Realistically, we don’t understand why we do some of the things we ourselves do. So how can we expect to understand what somebody else’s brain dictates to them? And dictate is exactly the precise and correct term to use. How much of what you do is really what you’ve told your brain to do? Virtually nothing, when you stop and think about it. You don’t control your brain; your brain controls you. Sure, you can tell your brain to pass on a specific instruction to raise your left index finger, but that’s not controlling your brain. That’s controlling your finger. The brain decides whether it will raise that finger. But all that is for people far smarter than you and me, or at least than me. It’s probably the stuff of theoretical textbooks for at least the next hundred years. So let’s deal with the things we can comprehend.
My compliments on Crazy Diamond, written by Mike Watkinson and Pete Anderson, are many, beginning with the painstaking care the authors took in giving all concerned their due, particularly in the confrontational aspects of this study. It’s easy to say that perhaps the other members of Floyd could have done more to ameliorate the situation. Of course they could have! There’s always more to be done. But if they could have done more, they also could have done less, too. And if they had done more, would it have been the right thing in the right place at the right time? Even if they’d been “batting” .667 (which is double a respectable batting average!), would doing the right thing in the right place but at the wrong time been more constructive, or more destructive? When you’re dealing with the human brain, and perception, it’s impossible to say. It’s not simply what you do; how it’s perceived may be more important.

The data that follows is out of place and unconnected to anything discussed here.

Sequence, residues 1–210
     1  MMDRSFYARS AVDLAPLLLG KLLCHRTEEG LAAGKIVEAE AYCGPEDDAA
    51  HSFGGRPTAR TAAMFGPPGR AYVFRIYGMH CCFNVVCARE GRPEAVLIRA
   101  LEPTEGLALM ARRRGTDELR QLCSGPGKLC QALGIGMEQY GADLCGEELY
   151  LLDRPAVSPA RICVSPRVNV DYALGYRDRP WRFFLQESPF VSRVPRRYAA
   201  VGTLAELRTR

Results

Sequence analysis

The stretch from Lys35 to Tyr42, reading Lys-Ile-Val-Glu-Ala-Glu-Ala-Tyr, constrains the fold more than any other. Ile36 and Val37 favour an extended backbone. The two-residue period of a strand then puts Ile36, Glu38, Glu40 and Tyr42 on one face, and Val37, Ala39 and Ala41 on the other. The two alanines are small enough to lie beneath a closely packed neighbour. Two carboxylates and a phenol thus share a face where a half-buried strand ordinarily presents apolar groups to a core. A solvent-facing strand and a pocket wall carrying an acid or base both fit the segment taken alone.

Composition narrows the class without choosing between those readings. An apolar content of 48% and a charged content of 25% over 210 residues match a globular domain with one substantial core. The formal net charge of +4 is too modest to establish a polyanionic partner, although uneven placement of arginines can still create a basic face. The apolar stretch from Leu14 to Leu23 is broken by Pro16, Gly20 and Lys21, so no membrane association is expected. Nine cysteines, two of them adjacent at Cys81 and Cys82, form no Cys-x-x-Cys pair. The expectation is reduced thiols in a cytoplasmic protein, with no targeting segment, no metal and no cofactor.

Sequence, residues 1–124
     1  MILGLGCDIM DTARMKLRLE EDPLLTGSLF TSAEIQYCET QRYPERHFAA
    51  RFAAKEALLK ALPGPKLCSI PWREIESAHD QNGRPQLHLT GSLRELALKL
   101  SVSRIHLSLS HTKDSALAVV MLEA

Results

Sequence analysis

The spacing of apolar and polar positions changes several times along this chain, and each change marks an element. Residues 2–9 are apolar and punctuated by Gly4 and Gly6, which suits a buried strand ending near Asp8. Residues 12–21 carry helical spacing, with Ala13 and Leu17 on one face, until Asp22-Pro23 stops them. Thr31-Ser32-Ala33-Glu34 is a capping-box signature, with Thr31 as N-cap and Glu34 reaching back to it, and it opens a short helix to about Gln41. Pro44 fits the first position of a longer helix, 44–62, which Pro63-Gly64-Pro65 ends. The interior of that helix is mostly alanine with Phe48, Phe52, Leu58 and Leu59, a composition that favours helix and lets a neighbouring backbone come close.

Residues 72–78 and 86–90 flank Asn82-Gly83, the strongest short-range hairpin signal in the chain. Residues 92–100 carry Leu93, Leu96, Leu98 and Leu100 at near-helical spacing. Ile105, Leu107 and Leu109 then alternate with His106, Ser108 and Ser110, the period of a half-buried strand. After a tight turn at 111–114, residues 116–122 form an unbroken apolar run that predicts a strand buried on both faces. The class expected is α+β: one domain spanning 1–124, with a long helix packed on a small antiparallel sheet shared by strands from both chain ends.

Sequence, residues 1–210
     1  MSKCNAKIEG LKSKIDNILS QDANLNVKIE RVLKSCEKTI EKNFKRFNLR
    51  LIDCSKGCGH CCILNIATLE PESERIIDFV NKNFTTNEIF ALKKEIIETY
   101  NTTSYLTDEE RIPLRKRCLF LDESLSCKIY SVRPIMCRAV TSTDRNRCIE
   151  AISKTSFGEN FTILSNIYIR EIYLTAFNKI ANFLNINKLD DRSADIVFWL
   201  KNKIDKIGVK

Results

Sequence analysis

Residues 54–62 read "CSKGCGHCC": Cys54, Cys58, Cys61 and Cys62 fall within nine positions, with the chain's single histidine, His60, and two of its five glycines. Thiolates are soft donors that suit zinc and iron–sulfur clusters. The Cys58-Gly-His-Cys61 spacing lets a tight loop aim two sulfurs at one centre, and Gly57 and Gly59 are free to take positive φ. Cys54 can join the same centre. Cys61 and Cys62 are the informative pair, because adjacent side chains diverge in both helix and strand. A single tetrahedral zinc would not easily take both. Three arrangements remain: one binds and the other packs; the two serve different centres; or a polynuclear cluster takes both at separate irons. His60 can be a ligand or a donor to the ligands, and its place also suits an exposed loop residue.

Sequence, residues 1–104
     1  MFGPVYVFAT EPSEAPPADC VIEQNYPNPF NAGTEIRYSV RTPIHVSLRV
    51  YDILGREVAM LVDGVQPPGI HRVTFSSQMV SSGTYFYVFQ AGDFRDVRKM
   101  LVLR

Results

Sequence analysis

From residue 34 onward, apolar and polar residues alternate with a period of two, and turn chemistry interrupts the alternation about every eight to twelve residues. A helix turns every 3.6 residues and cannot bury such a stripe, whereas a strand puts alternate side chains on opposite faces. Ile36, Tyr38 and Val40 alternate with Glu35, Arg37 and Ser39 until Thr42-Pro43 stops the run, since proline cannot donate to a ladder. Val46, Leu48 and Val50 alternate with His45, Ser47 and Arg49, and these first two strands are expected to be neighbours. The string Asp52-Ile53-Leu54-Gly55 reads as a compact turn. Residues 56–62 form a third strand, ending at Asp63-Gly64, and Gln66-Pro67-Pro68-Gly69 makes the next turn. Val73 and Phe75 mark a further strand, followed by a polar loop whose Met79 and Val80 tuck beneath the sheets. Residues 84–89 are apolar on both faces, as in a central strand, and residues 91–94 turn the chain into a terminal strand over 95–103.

Allow me to illustrate. You’re a happily married man, who one day decides to surprise his working wife by taking her to lunch. But just as you begin crossing the street to her office building, you see her and a colleague laughing as they slip into the hotel next door. What’s the first thing that comes into your mind?
But what if she and the colleague were simply sent over by the boss to check on some visitors staying at the hotel, visitors whom the boss is due to meet with, within the hour? The confrontation, and you know there will be one, may never reach the point where the situation can be reasonably explained, because you’re too busy punching out the guy and your wife. That’s perception, and perception, not facts, has controlled your reaction in this case.